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Solon urges use of gov’t air assets for vaccine distribution

IN preparation for the arrival of the coronavirus disease (COVID-19) vaccines, Quezon City Rep. Alfred Vargas is calling on the government to conduct immediate inventory of air assets owned or leased by civilian government agencies, and government owned- and controlled- corporations (GOCCs).

With the target of at least 60 million Filipinos, it is expected that vaccine distribution could reach far-flung areas in the country, Vargas said.

And the distribution would be faster using planes and helicopters of civilian government agencies and GOCCs since they are smaller in size compared to C-130s used by the military, which means they can land on short runways, the solon added.

“While our Air Force has its work already cut out for them, the government would need more logistical support to roll out the COVID-19 immunization program immediately. We need to have as much of our people vaccinated as fast as we can,” he stressed.

Vargas noted that some GOCCs, like the Philippine National Oil Company, own helicopters for their aerial surveys or transport of personnel.

Some civilian agencies or GOCCs also maintain aircraft on fractional corporate lease or “timeshares,” where they are allotted a certain time to use the aircraft for a month or a certain period.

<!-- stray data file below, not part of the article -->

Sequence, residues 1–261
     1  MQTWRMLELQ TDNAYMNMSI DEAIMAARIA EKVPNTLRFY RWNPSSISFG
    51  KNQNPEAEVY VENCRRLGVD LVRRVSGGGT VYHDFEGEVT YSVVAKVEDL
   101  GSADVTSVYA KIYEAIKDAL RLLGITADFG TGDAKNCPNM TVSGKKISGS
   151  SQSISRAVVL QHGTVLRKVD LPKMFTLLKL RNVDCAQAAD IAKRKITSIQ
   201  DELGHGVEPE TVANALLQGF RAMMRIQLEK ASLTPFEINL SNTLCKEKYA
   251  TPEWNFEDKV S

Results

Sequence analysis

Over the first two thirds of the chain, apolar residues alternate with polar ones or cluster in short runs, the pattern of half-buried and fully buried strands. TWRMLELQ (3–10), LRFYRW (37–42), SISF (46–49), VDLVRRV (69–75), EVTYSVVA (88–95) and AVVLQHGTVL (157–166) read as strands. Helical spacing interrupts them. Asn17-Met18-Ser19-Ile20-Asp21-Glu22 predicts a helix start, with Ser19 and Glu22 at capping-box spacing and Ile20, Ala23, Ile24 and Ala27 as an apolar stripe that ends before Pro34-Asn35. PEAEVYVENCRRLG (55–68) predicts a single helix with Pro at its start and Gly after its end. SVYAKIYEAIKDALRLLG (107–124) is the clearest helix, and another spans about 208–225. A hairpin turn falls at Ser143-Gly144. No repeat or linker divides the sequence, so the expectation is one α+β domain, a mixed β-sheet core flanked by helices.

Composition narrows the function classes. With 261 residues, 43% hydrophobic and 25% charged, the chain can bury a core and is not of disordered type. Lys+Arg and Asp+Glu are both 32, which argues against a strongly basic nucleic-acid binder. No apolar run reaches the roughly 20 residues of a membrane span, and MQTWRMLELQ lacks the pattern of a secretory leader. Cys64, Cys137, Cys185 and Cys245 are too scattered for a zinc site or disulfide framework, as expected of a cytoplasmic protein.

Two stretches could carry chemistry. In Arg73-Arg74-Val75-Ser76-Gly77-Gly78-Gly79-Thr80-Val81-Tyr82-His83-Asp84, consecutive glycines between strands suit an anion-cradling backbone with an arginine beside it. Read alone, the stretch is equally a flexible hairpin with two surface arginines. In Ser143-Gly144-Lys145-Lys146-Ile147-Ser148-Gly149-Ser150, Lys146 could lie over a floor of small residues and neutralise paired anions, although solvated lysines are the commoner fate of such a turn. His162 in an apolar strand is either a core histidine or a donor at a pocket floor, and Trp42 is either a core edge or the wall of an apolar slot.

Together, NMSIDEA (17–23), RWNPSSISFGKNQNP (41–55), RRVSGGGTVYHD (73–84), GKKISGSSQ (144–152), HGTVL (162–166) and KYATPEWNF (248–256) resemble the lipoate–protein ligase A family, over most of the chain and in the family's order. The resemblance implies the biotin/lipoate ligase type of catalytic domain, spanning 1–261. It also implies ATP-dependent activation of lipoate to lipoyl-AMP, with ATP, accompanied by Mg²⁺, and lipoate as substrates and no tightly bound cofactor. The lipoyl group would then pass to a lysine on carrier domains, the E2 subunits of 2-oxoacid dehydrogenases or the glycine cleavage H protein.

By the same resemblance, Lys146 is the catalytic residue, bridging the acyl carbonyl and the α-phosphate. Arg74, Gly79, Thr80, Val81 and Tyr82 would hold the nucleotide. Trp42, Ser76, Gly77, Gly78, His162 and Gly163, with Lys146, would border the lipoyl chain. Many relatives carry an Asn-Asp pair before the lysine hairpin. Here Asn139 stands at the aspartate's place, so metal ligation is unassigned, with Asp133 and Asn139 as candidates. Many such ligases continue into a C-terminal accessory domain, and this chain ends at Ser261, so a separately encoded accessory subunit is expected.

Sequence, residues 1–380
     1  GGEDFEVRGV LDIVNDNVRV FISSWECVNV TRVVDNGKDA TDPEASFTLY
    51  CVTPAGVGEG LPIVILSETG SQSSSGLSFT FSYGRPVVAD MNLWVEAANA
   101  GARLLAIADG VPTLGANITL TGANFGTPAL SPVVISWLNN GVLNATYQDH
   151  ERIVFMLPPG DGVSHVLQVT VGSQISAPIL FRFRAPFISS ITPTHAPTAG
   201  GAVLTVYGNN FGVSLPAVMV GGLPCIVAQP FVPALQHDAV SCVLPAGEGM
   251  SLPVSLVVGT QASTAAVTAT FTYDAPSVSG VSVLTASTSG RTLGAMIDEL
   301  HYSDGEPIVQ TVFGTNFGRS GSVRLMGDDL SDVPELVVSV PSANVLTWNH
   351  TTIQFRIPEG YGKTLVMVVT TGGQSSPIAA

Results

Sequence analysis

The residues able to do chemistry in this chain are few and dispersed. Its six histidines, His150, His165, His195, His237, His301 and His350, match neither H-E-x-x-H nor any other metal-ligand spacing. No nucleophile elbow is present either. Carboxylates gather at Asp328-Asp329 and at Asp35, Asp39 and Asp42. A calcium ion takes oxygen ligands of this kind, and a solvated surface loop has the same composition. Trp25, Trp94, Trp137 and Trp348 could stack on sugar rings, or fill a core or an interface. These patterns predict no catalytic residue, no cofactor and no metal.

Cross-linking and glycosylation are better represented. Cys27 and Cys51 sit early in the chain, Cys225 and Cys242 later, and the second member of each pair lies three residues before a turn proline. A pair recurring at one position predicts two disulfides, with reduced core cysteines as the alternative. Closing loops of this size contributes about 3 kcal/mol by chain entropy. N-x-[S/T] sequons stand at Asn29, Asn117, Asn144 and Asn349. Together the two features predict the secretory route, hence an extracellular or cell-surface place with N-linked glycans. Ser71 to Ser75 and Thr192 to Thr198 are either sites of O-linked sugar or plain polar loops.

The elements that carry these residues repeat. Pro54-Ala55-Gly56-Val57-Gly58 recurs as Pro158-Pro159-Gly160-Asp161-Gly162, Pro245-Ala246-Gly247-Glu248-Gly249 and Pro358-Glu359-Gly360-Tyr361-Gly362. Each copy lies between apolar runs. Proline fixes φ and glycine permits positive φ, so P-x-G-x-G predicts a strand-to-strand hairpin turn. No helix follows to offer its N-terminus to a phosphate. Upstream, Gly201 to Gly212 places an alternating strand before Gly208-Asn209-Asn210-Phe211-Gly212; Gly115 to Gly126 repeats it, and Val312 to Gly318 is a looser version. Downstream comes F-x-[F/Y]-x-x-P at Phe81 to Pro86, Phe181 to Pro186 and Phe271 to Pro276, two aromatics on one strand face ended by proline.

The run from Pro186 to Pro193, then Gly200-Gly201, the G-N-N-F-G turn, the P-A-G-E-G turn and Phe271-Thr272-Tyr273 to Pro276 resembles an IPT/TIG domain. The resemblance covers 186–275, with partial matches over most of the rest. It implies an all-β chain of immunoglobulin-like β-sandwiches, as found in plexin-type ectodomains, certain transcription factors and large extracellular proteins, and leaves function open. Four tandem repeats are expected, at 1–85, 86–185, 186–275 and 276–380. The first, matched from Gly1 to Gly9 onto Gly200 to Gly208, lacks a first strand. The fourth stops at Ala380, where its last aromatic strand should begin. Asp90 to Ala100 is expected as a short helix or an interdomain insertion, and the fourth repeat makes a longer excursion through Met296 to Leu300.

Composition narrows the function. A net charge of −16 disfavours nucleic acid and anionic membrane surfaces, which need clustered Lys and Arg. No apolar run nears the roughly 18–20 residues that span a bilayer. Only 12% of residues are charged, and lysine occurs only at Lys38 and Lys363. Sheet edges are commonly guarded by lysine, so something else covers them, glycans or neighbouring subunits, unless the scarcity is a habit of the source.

This means, Vargas said, that an aircraft on lease can still be used for transporting vaccines using the time allotted for the lessee concerned if the plane or helicopter is available for deployment.

“To ensure the efficient use of aircraft owned by GOCCs and civilian agencies, they must temporarily be placed under the military’s flight operations or control for the specific purpose of vaccine distribution,” Vargas added.

Food and Drug Administration (FDA) Director General Eric Domingo said a COVID-19 vaccine could be rolled out in the Philippines in March 2021 if the agency issues emergency use authorization (EUA) by January next year.

President Rodrigo Duterte recently signed an executive order allowing the FDA to issue EUA for COVID-19 vaccines and drugs. The EUA would speed up the processing time for approval of a vaccine, from the usual six-month review period to only one month.

Secretary Carlito Galvez Jr., the country’s vaccine czar and chief implementer of the National Task Force against COVID-19, said the government targets to vaccinate at least 75 percent to 80 percent of the population to achieve herd immunity.